Tuesday, August 03, 2010

Rambles around Chamonix I

It has been already 5 years I have been coming to Cham on and off, for skiing, ice climbing, rock climbing, or what is generally known as mountaineering or alpinism.  This year is no exception, although it has been an anti-climax of a trip, making me wonder if i really want to be in this expensive, posh, and tourist-jammed town over and over, again and again.  Some long-due realizations:

* risk-taking in mountains is a habit; only by doing it over and over does one manage to shut up the instinct and become blind to the dangers of avalanches, crevasse crossings, ridge walkings etc.
* sport climbing does make you stronger in the mountains: after many years of trying i finally feel good and compfy trad climbing 6as...
* mountaineering is very inefficient, and my patience is rather limited, especially given the realization that i could be working on a project somewhere warmer and enjoying the process much more
* partner is the key word, as always, and oh, hard, how hard it is to find someone who could both inspire me to give it my best, and make me feel warm and fuzzy in my own skin
* taking the latter two propositions together, my motivation seems finally to be waning, maybe it is high time to stop wondering and looking always higher to such routes as Digital Crack or American Beauty, and just stay at the sea-level? Maybe Jonathan the Seagull was completely crazed and wrong?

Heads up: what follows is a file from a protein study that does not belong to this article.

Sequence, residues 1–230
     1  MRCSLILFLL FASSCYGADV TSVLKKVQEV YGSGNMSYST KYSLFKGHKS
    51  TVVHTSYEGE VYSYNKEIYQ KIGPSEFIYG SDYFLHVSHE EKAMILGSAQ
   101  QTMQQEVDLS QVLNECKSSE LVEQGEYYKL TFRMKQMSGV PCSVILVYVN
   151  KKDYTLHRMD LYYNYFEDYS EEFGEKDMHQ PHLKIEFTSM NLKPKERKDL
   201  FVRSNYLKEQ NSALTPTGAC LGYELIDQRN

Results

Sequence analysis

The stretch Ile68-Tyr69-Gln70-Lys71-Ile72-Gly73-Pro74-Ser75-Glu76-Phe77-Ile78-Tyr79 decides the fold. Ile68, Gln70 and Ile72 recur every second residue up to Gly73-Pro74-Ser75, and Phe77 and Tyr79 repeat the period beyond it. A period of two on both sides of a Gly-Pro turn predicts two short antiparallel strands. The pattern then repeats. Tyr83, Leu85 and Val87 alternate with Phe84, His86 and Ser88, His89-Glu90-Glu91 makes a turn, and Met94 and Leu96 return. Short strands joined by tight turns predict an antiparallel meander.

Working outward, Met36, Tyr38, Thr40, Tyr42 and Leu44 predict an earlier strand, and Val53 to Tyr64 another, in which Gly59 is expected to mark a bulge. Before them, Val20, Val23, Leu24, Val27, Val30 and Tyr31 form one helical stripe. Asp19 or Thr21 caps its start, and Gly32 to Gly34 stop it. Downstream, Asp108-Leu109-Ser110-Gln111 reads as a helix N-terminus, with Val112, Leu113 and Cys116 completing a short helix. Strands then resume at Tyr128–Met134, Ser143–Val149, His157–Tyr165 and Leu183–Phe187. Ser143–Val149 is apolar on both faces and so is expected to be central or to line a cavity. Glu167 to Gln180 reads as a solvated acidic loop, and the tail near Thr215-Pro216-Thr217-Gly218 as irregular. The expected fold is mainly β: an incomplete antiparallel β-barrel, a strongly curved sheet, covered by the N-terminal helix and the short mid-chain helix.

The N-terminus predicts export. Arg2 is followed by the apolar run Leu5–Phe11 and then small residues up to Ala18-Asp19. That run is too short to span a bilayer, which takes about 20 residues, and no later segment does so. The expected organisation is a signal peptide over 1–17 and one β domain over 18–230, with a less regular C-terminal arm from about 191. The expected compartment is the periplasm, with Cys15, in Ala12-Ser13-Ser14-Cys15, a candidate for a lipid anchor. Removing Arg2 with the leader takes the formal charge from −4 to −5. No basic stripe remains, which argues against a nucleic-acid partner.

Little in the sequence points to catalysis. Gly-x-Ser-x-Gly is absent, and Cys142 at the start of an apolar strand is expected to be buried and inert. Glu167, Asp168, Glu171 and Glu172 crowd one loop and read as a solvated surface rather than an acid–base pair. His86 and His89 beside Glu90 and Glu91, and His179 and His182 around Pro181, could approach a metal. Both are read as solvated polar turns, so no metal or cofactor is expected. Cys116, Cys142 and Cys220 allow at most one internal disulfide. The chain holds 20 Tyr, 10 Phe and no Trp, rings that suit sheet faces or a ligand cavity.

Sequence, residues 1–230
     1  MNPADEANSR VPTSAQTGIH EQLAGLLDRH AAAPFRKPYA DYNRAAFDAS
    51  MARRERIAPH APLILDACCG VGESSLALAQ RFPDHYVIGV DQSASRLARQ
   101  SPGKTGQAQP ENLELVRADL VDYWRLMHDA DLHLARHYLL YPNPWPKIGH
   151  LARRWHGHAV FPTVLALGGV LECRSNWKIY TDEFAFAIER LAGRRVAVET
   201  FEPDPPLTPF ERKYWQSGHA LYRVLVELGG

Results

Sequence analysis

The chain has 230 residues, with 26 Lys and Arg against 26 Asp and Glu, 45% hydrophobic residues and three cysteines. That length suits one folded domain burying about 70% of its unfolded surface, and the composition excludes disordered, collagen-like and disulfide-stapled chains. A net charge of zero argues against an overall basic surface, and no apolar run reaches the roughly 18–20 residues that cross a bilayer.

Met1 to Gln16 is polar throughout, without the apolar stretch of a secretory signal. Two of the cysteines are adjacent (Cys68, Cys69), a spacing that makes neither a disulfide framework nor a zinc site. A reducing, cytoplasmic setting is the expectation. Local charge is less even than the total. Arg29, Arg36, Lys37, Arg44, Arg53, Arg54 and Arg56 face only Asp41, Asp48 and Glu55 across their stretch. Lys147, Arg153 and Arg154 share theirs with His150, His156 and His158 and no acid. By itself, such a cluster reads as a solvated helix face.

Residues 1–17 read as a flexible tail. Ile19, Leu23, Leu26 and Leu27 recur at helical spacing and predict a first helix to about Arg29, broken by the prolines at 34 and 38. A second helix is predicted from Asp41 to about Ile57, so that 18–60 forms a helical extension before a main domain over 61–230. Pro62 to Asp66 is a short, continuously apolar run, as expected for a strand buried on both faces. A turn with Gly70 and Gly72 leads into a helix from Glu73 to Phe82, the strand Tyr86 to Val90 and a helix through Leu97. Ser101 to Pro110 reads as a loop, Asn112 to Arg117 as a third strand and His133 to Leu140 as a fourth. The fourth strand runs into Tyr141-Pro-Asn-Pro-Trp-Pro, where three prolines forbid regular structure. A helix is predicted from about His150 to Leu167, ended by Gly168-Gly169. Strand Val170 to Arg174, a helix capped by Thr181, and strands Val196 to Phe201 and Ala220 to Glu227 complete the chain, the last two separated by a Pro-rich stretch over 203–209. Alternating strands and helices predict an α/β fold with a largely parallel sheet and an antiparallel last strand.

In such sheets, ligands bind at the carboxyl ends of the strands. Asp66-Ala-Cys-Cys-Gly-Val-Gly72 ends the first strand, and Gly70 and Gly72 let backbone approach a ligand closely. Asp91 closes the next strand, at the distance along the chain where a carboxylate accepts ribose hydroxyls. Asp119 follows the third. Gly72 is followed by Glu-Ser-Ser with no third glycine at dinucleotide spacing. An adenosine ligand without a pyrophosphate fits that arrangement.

With all of these wonderful and deep realizations so clear, i hope i will not forget them next year and not rush off again to the old dear mountains just because they are there.  This post is just a self-reminder, that maybe, just maybe, a vacation in Kalymnos or Rodellar could be a much better option given my current priorities, capabilities, and interests...speaking to the deaf, i know.  All this makes me think of Escher's dragon, tirelessly biting at its own tail, while hopelessly trying to become three-dimmentional, in a Sysiphe kind of way:


In Escher's own words:

However much this dragon tries to be spatial, he remains completely flat. Two incisions are made in the paper on which he is printed. Then it is folded in such a way as to leave two square openings. But this dragon is an obstinate beast, and in spite of his two dimensions he persists in assuming that he has three; so he sticks his head through one of the holes and his tail through the other.

4 comments:

AM said...

are you offering your mountaineering gear up for adoption?

uasunflower said...

no

stone.d.cologne said...

no worries! we'll be there again! in better conditions and all ;)

uasunflower said...

yes